Upon the release of Ranma 1/2 on Bluray, Mike takes a stroll through the world of Rumiko Takahashi.
Reviewby Zac Bertschy, Aug 23rd 2005
There was a time, not too long ago, when anime fans in the United States, starving for product, would eagerly devour any title they could get their hands on. They liked something specifically because it was anime; there was no such thing as an “A-List” or “B-List” title because everything was considered excellent simply for being what it was.
That isn't true at all anymore, and now, thanks to the colossal, ridiculous glut of anime that's flooding the market, the distinction between a top-shelf title and something that belongs in the bargain bin is getting clearer and clearer. For every Fullmetal Alchemist or Ghost in the Shell: Stand Alone Complex, you get five Wild Arms or Gunparade Marches, shows that just don't mean much of anything to anyone, don't have big fanbases and just aren't remarkable. Ghost Stories, an innocuous kid's show about a ragtag team of elementary school kids who deal with a ghost-infested schoolhouse, was the epitome of a bottom-shelf, bargain bin title… until ADV dubbed it.
Make no mistake, there's nothing about Ghost Stories that you haven't seen before. The story's pretty basic: a girl named Satsuki and her innocent little brother move into a new neighborhood; their next door neighbor is a spunky kid named Hajime who plays by his own rules, and he's followed around by a nerd with a penchant for the paranormal. On their first day of school they venture into the scary abandoned schoolhouse next to their elementary school and discover, shockingly enough, that the place is haunted.
Can you guess what happens next? I'll tell you anyway.
Turns out Satsuki's dead mother used to be the principal there and had sealed away a ghost named Amanujaku who's been released thanks to the deforestation taking place behind the school. She left behind a diary that details how she got rid of the spirits in the building, which have all been released; sure enough, Satsuki follows the diary and manages to seal Amanujaku… inside her cat. It's up to Satsuki to follow the instructions in the diary and rid the place of its ghost problem, save the abandoned schoolhouse and exorcize the ghost living inside her cat.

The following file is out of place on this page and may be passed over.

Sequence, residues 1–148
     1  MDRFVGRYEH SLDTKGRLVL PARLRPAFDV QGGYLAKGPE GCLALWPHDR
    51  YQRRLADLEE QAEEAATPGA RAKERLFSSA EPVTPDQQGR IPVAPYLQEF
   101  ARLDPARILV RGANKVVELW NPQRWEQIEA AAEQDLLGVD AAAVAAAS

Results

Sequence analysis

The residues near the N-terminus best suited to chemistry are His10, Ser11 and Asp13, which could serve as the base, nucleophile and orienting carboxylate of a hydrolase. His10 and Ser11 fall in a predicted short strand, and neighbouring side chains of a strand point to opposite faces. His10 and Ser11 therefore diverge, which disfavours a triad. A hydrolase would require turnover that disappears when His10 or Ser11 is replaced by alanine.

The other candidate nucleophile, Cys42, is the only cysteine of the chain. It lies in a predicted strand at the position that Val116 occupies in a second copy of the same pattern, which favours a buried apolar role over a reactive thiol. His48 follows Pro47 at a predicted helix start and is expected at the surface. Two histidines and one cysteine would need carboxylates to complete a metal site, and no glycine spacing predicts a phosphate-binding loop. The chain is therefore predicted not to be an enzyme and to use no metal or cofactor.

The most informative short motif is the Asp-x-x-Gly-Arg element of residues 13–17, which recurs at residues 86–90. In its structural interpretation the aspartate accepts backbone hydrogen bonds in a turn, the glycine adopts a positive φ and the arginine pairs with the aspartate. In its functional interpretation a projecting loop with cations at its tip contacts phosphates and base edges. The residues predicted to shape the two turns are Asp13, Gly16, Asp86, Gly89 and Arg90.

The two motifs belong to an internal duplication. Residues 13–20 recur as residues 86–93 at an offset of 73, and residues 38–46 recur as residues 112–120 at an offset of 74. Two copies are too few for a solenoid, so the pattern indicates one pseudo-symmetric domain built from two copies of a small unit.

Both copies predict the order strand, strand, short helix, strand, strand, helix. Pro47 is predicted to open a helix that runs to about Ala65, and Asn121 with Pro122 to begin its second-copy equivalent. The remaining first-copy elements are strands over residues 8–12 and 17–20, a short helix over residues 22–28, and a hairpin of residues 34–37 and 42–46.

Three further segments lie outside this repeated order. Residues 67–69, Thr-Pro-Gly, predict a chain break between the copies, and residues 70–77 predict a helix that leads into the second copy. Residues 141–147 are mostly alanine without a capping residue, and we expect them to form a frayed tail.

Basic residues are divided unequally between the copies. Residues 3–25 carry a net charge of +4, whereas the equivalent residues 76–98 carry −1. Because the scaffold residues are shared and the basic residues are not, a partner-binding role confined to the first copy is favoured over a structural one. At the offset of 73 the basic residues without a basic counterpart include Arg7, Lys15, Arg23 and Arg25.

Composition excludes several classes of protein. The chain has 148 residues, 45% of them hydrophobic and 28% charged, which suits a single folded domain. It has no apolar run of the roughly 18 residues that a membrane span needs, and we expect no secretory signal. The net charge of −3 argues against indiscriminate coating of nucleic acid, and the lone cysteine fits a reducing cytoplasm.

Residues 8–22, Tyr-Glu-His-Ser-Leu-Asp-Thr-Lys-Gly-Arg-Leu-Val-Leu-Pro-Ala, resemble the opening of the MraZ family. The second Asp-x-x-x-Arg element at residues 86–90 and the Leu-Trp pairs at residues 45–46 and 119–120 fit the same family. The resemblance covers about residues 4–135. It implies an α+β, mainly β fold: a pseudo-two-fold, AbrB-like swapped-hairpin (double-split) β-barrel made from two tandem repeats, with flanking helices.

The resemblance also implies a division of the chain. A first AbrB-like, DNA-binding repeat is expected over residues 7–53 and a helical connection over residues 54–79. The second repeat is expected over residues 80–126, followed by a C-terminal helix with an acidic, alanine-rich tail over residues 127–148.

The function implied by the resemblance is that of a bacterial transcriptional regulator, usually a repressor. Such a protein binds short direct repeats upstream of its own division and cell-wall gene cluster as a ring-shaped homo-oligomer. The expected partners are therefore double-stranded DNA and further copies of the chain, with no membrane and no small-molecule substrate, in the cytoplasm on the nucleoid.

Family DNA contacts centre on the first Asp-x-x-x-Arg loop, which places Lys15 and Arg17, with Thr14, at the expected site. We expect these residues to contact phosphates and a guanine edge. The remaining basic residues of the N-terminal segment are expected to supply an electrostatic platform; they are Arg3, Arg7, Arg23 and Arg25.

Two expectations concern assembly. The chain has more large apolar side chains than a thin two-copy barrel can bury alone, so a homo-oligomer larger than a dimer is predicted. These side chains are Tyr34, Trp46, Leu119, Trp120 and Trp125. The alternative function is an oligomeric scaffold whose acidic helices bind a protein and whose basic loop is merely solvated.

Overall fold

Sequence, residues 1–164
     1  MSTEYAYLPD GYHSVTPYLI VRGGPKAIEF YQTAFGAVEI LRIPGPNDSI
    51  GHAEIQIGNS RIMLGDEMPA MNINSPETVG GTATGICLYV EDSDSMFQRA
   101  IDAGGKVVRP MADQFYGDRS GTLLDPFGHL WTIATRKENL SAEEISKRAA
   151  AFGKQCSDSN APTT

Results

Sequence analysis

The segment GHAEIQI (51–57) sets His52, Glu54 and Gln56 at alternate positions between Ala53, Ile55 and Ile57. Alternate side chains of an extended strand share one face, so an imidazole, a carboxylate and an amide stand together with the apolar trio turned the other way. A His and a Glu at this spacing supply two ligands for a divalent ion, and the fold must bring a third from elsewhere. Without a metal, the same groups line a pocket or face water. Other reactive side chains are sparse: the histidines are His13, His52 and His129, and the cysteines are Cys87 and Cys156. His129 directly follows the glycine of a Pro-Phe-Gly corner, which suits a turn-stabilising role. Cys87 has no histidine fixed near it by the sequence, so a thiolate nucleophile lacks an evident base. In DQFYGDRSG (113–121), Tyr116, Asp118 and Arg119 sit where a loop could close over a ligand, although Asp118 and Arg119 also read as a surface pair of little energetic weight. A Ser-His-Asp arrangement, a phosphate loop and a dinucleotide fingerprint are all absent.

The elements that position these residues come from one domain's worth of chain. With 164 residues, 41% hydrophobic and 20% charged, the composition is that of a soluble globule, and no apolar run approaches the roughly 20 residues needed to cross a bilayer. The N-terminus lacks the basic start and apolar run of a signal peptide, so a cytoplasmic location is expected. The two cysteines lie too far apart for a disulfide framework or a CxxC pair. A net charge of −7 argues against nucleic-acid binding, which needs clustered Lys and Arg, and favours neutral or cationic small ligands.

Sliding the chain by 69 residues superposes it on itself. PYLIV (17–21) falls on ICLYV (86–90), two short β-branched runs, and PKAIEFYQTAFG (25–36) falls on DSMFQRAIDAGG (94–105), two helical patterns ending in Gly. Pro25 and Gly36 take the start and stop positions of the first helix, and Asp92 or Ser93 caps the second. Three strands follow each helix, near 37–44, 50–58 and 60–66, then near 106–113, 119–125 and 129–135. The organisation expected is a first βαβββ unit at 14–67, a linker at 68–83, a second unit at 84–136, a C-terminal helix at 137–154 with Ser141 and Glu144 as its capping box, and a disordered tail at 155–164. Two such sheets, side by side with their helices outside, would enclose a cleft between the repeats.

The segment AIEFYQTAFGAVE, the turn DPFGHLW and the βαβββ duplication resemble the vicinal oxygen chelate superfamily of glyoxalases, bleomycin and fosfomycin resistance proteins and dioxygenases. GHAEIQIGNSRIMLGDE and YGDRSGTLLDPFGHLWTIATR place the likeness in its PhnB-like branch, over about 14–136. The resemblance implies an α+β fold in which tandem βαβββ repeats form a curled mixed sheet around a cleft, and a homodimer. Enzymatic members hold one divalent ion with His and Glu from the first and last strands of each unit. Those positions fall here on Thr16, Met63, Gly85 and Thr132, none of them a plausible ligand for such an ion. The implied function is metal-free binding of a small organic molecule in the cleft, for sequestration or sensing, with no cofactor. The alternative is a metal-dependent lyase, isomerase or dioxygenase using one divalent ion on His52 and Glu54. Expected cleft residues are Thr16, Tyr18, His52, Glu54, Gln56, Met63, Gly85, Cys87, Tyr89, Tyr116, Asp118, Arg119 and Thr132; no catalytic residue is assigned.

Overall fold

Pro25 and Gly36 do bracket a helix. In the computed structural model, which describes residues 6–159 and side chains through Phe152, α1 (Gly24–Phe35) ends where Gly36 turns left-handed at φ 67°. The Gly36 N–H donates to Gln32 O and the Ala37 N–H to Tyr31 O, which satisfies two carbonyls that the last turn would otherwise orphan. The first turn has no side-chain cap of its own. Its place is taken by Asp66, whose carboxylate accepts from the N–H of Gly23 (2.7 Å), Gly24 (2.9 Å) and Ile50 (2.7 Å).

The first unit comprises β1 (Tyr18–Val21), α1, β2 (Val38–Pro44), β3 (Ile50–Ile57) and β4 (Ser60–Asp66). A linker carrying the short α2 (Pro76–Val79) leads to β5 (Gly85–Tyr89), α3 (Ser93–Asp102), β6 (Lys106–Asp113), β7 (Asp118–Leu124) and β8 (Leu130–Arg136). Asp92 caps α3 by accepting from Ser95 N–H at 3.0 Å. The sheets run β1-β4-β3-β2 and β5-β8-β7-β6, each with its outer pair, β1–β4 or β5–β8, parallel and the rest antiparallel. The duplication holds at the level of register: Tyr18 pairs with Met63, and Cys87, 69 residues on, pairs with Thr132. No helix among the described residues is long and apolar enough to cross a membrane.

In its original Japanese, it doesn't get any more banal or uninteresting than Ghost Stories, to be frank. This show has zero fans in the states, primarily because it's as run-of-the-mill a kids' show as you can possibly imagine. The characters are cardboard anime archetypes, and the whole “plucky kids solve ghost-related mysteries” story has been done to death. The animation is surprisingly high-end for a show like this, and the opening and ending themes are suitably catchy little J-pop confections, but let's be honest: the original version of this show is a yawn.
Thank god for ADV Films. In a move to sell more than three copies of this series, they've done something very wise: completely screwed with the dub script and turned what was once a painfully uninteresting kids' series into an absolutely hilarious show for adults that's hard to stop watching. Tossing out the original Japanese script (but leaving the basic storyline intact without editing any scenes out), the English dub for this show is a howl. Sure, there are a few too many throwaway dirty jokes and the second episode delves a little too deeply into name-dropping pop culture icons, but when you pitch this many jokes in 23 minutes, you're bound to strike out a few times. If you've ever seen Samurai Pizza Cats, the anime series Saban released in the 1990's where the scriptwriters simply threw out the Japanese dialogue and wrote all-new, totally hilarious lines, then you've got a good idea of what Ghost Stories is like in English.
What's better is how well the new lines are delivered; Hilary Haag and Chris Patton knock their performances out of the park. Clearly they have some talent for comedy and it shines more in material written for an American audience rather than the usual eye-roll-inducing Japanese-style comedy so prevalent in other anime. It's fascinating to see how well these actors can perform when they're either ad-libbing or reading lines that weren't meant to be said in a different language; the result is a very fluid and extremely funny dub experience that's not to be missed.
Now, there are those fans out there who will scream bloody murder at the thought of an altered (in this case, totally original) dub script. And to be fair, this is from Stephen Foster, the man who managed to transform Sorcerous Stabber Orphen into an unrecognizable pile of garbage. They have reason to be suspicious. The fact of the matter is, there's no reason to get up in arms about this dub; the original series isn't some untouchable sacred masterpiece, and Foster's work here really shines. It was a boring, uninteresting kids' show that wouldn't sell (and besides which, the DVD comes with an unaltered subtitle track and the original Japanese version). The show ADV has produced, in English, is one of the funniest things I've seen come out of any anime studio in a while. Simply put, if you're not the kind of fan who keeps a stick wedged firmly into someplace uncomfortable, you're going to get a big kick out of the English dub of Ghost Stories.
If you're a purist, well, you're no fun anyway.
+ Fantastic and hilarious dub
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